Please note: the described process should be virtually identical for the Docker for Windows users, but I unfortunately don’t own a Windows and can’t test it. Any comments would be greatly appreciated, if somebody wants to try this approach on a Windows.

Docker for Mac is a great way of using Docker on a modern Mac that gives you fully functional Docker environment, in a very easy way. It is not a “native” solution however, meaning: there is still an, albeit lightweight, VM running on your Mac. For the most part this fact is completely transparent to you, especially compared to earlier solution of running full VMs with VirtualBox, Parallels or VMWare, but in some cases you will still run into the reality of there being a VM. One such case is when you are working with Docker volumes.

Let’s assume you have a docker-compose file that creates multiple volumes. For the sake of argument let’s assume you are running Node Bootstrap-created microservice. Out of the box, such microservice will have some locally mounted volumes for code-editing and some data volumes for database. What if you wanted to inspect them directly? Docker provides a command to see all volumes:

→ docker volume ls
local               4cf5..708
local               msfirst_ms_nb_example_db_data

and then inspect them, using a command like:

→ docker volume inspect msfirst_ms_nb_example_db_data

with output such as:

        "Driver": "local",
        "Labels": {
            "com.docker.compose.project": "msfirst",
            "com.docker.compose.volume": "ms_nb_example_db_data"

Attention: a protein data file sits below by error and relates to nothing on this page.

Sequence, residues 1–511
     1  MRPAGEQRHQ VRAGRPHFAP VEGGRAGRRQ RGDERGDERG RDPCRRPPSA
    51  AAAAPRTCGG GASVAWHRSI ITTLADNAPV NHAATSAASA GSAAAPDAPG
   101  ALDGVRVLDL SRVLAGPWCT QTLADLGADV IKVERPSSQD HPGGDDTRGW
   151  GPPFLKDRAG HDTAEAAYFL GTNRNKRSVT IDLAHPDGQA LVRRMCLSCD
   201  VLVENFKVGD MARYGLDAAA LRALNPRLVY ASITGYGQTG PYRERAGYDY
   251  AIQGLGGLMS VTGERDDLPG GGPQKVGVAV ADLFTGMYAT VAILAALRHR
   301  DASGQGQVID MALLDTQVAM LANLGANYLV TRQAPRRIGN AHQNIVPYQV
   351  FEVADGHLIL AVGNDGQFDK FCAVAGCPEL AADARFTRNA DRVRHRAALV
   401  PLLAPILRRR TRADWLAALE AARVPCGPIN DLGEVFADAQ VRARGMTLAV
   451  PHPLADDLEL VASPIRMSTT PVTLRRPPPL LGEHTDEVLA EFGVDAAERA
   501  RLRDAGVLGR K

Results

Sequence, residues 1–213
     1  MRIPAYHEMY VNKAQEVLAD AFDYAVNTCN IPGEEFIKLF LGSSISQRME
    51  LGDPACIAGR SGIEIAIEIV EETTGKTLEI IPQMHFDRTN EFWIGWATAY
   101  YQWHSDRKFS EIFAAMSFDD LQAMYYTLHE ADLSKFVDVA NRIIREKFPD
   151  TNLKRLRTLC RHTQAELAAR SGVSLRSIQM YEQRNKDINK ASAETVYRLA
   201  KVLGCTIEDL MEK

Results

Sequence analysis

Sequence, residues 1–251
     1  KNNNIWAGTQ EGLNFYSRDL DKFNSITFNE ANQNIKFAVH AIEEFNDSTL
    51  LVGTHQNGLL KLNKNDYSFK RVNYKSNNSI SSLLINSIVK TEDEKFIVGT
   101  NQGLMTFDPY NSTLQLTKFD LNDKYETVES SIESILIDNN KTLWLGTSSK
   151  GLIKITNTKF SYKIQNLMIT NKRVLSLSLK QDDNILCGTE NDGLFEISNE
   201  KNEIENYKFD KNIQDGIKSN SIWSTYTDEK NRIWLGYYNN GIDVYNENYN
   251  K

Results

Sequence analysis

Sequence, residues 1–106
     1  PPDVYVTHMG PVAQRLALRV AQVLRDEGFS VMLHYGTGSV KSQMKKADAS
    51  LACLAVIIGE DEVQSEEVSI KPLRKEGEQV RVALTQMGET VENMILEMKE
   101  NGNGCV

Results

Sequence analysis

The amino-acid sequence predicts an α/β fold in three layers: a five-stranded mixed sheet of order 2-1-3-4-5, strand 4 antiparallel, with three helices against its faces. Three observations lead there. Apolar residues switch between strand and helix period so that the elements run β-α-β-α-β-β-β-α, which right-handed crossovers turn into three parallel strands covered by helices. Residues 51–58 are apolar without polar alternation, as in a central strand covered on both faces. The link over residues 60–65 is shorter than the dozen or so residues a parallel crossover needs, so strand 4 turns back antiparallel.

"Mountpoint": "/var/lib/docker/volumes/msfirst_ms_nb_example_db_data/_data",
        "Name": "msfirst_ms_nb_example_db_data",
        "Options": {},
        "Scope": "local"

Notice the Mountpoint attribute? It all sounds really promising until you try to ls /var/lib/docker/volumes.. only to find that there is no such folder on your Mac. Now that is a disappointment! Except, we just need to realize that the /var/lib/docker is a path in the Docker host VM, not on our Mac. And there is actually a relatively straightforward way to get to it. We will see how to do exactly that in a second, but before we do, to make things slightly more convenient, and reduce on typing, you should create an alias:

alias dm-disk='docker run --rm -it -v /:/docker alpine:edge $@'

after which you could see the path that docker volume inspect returns with a command that looks something like the following:

dm-disk ls -l /docker/var/lib/docker/volumes/msfirst_ms_nb_example_db_data/_data

What Did Just Happen?

We ran a temporary, tiny container, in which we mounted the root of the host VM to the /docker path. Once we have such container, we can run all kinds of commands inside it to inspect Docker volumes. For instance, to see all available volumes on the host you could run:

dm-disk ls -l /docker/var/lib/docker/volumes/

That’s about it.